Step One: A Word About Marketing
Step One: Getting StartedResearch
What do I Want to Sell?
The Next Step
Who Will My Customers Be?
Who Are My Competitors?
Where Should I Locate My Business?
How Do I Finance My Business?
Programs and Incentives for Minority and Women-Owned Small Businesses
The Business Plan
Your Final Decision: Analyzing the Facts
What Is My Business Objective?
A Word About Marketing
Small Business GuideAbout North Carolina
About Small Business Center Network
About NC Community College System
Step One: Getting Started
Step Two: Operating A Business
Step Three: Business Plan
After researching your industry, setting a business objective, choosing a location, and finding out who your customers and competitors are, you are ready to do some preliminary marketing analysis. A first step in determining how to market your business is to prepare a SWOT Analysis. SWOT stands for "Strengths, Weaknesses, Opportunities, and Threats." Based on your research, you should be able to list the strengths, weaknesses, opportunities and threats that apply to your business. Armed with this list, you will be better equipped to position your product or service in the marketplace. "Positioning" your product or service means finding the right way to promote it, package it, price it, and place (where to sell and distribute) it. A SWOT analysis is similar to making a list of pros and cons before making a big decision.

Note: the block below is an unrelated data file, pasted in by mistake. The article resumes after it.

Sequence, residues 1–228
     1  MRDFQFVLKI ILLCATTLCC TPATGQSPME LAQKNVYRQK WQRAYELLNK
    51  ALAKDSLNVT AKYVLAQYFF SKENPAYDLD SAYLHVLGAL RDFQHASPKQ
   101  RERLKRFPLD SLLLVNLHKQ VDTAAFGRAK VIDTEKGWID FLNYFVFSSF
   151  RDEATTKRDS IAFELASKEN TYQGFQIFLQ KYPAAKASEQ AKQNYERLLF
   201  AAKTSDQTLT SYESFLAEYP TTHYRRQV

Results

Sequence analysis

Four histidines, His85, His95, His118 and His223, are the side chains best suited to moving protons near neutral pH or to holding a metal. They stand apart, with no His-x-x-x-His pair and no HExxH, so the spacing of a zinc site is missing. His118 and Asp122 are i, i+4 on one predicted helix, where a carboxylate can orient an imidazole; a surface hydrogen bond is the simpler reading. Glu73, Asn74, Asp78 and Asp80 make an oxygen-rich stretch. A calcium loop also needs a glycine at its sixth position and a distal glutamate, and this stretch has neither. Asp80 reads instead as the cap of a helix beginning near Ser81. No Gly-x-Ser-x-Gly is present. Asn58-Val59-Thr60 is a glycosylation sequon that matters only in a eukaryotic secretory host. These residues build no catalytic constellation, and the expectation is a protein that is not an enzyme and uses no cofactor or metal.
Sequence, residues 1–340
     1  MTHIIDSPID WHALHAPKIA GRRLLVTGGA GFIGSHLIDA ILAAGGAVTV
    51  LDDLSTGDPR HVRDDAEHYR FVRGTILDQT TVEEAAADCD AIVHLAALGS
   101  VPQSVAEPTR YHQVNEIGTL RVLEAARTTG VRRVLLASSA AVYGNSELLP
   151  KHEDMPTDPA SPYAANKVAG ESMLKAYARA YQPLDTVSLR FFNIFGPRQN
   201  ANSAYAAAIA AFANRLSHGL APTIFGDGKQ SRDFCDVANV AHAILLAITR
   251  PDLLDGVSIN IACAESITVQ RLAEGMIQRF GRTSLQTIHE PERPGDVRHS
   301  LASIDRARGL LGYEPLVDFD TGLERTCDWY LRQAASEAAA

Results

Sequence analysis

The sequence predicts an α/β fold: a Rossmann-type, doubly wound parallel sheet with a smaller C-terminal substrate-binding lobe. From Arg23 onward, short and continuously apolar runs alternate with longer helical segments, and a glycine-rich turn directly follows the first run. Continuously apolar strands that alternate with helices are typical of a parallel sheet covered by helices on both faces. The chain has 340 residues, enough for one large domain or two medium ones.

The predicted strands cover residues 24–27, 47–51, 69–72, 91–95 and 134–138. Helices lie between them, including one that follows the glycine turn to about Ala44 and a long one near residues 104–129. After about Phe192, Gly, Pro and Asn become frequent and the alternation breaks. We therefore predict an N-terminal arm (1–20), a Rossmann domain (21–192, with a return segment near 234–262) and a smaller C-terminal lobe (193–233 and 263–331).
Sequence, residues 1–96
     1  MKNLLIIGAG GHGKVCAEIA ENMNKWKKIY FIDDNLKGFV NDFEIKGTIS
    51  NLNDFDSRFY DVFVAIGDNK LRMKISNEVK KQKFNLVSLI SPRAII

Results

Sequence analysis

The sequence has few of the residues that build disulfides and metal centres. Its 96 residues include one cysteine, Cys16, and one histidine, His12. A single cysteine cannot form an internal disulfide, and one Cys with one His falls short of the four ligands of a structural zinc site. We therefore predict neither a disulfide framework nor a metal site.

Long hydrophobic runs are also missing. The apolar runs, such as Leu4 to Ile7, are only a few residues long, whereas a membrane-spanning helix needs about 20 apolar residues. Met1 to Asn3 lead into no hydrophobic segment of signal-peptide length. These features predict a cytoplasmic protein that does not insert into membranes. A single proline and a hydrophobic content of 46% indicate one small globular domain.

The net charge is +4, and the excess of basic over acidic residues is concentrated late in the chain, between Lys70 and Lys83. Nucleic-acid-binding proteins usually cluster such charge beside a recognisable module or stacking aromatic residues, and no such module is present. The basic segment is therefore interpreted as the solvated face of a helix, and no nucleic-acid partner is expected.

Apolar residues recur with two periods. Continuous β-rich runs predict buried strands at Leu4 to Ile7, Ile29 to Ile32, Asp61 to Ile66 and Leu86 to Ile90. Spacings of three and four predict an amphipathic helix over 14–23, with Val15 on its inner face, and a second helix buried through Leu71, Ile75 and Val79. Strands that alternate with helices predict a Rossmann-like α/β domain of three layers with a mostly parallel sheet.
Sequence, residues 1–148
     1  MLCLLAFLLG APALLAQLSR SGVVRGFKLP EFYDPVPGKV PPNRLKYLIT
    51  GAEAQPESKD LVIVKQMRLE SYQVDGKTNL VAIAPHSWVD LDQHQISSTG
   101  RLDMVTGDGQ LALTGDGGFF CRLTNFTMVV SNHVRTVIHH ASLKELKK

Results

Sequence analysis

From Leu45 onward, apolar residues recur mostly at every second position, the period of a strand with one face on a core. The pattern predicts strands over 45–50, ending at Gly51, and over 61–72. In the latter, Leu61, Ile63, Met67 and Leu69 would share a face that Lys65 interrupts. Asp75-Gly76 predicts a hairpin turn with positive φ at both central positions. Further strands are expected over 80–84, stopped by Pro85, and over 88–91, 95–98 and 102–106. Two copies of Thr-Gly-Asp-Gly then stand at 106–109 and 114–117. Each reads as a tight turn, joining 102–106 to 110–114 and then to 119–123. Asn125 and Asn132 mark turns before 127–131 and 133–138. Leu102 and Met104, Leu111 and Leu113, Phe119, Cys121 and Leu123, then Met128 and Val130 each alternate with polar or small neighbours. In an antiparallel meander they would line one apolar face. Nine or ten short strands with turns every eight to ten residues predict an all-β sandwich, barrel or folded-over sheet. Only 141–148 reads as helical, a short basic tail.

Sample SWOT Analysis
Jane Taylor is opening a pet-sitting service. After doing her research, she prepares a SWOT analysis.
*20-years of experience volunteering with animal rescue groups;
*No experience in accounting, computers or other skills needed to run a business
*People work long hours & travel & need a reliable person to take care of their pets while they're away.
*The county in which she lives already has two pet-sitting services, both focused on the care of dogs and cats.
Analysis: Jane decides to market her pet-sitting service in a county adjacent to the one in which she lives because the two most popular pet-sitting services in the region do not operate there. Because many people in this county commute 45-minutes each way to Richmond to work, she believes they will need someone to give their dogs a break while they are working. Jane also decides to expand her business and offer care for horses, as well as house pets, since many of the residents in this rural county own horses. Finally, she decides to hire a part-time bookkeeper to maintain the business's records, so that she can focus on what she loves: taking care of animals.
To complete your own SWOT analysis, click here.
|For more information, contact:|
Community Programs Coordinator
Director of Small Business and Economic Development Programs